Acton Institute Powerblog

For pro-life poverty fighters, political objectives and policies are different things

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If you’re a pro-life conservative Christian you’ll eventually hear someone on the left assert that you can’t be consistently pro-life if you don’t support government policies to reduce poverty. If we truly cared about life in and out of the womb, they say, you’d support government intervention not only to ban abortion but to make abortion unnecessary.

They are right to call us to be consistent. But they are wrong to assume consistency requires supporting their preffered government interventions. As Stephen Wolfe writes in an essay for Mere Orthodoxy:

Each conclusion − securing the lives of the unborn and enriching the lives of the post-born and their mothers− though related in some ways, has very different considerations as to policy and policy effectiveness. Governmental action might be the most effective solution for one issue; for another, however, the government might make matters worse.

Many have concluded that governmental action for poverty relief generally does more harm than good. After all, anti-poverty policy in the United States has, at times, been disastrous. Perhaps an emphasis on private charity and other non-governmental means, such as church involvement, would be more effective in reducing poverty and helping poor mothers. Perhaps the best possible way to apply the conclusion today is getting government out of the way of, or cooperating with, civil associations and ecclesial ministries. Or perhaps the best solution is a significant restructuring of anti-poverty programs around encouraging work and self-sufficiency, as Oren Cass has strongly proposed, among others things, in his recent book The Once and Future Worker.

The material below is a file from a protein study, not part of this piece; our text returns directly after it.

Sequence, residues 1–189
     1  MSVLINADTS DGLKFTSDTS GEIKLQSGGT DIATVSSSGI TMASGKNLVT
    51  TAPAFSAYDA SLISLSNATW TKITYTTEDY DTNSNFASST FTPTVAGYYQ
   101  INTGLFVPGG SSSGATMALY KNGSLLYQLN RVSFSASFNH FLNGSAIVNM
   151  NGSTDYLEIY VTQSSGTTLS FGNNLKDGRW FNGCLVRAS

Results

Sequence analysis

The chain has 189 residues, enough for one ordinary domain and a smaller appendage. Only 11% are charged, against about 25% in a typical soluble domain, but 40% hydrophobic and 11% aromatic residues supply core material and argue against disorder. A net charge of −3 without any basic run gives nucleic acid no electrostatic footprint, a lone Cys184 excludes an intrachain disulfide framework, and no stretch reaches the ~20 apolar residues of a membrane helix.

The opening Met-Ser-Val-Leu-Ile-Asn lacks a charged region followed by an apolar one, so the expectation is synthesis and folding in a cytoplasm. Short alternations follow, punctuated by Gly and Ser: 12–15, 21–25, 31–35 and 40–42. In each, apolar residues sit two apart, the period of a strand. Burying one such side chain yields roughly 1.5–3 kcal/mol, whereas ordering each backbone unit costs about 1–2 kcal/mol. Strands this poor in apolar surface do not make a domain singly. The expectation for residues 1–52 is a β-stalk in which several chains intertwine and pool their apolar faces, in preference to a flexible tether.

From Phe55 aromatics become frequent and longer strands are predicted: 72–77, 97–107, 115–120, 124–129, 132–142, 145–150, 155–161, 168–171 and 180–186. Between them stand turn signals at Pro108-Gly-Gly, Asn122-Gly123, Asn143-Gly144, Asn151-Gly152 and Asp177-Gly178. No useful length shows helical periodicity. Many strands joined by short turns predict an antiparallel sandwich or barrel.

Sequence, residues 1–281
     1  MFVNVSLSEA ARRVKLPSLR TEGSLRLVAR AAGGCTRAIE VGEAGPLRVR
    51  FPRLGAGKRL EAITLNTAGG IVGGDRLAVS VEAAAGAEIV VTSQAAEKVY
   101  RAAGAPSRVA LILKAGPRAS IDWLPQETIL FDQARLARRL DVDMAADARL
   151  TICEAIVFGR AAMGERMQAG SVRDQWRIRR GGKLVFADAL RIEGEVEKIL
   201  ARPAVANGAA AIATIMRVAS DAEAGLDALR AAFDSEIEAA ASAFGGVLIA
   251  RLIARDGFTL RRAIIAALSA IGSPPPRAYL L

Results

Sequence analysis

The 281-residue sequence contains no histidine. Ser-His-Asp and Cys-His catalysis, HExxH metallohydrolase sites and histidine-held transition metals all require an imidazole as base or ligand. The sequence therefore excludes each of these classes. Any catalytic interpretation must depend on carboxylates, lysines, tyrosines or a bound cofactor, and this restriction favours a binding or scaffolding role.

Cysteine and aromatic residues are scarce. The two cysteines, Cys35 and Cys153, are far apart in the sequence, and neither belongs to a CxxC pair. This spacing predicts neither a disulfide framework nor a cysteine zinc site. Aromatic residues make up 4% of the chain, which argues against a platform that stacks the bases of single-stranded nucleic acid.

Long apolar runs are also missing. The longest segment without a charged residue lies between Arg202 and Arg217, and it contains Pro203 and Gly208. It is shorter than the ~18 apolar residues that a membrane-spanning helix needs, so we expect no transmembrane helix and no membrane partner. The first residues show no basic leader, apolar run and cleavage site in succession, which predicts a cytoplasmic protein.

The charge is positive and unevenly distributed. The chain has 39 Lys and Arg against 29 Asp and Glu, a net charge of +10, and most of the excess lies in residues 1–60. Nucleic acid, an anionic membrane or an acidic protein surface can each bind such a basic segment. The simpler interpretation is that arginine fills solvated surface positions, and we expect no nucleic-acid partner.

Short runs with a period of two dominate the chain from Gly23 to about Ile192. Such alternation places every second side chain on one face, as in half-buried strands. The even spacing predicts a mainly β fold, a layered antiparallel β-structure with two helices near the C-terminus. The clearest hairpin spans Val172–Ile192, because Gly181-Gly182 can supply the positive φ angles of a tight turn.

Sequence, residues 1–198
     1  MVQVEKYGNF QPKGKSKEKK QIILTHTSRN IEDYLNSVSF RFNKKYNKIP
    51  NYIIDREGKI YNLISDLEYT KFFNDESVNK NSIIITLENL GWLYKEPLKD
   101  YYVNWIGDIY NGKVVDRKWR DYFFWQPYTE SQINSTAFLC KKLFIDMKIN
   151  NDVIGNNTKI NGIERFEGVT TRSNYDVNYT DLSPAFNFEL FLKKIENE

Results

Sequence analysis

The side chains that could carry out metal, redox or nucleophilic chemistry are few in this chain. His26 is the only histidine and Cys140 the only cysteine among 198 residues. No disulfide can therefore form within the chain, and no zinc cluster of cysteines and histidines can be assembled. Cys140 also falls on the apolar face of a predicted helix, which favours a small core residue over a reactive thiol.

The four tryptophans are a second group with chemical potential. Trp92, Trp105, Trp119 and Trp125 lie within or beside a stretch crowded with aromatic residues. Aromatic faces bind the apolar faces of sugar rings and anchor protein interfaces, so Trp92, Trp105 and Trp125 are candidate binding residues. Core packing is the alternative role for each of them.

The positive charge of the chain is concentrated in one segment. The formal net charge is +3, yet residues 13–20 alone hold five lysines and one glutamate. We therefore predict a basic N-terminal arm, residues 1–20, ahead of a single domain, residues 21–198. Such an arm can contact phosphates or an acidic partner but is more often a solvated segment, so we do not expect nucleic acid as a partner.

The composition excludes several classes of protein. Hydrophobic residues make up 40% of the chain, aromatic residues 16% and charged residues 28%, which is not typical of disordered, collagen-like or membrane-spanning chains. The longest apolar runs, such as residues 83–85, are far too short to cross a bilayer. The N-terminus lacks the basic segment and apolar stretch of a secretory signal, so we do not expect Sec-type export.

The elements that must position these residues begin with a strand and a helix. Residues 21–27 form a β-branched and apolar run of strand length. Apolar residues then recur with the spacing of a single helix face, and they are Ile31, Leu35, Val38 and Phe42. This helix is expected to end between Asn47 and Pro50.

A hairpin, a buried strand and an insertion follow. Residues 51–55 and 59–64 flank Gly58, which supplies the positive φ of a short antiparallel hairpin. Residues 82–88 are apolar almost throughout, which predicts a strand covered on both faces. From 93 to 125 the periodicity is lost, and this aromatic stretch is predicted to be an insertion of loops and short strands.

Of course, one might disagree with these all these policy determinations. Nevertheless, the traditional pro-lifer as a pro-life advocate is at least formally consistent with his pro-life principle, if he determines that these are the best solutions in our circumstances. He has not abandoned poor mothers; he has simply determined that non-governmental solutions for these issues are more effective.

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Joe Carter Joe Carter is a Senior Editor at the Acton Institute. Joe also serves as an editor at the The Gospel Coalition, a communications specialist for the Ethics and Religious Liberty Commission of the Southern Baptist Convention, and as an adjunct professor of journalism at Patrick Henry College. He is the editor of the NIV Lifehacks Bible and co-author of How to Argue like Jesus: Learning Persuasion from History's Greatest Communicator (Crossway).

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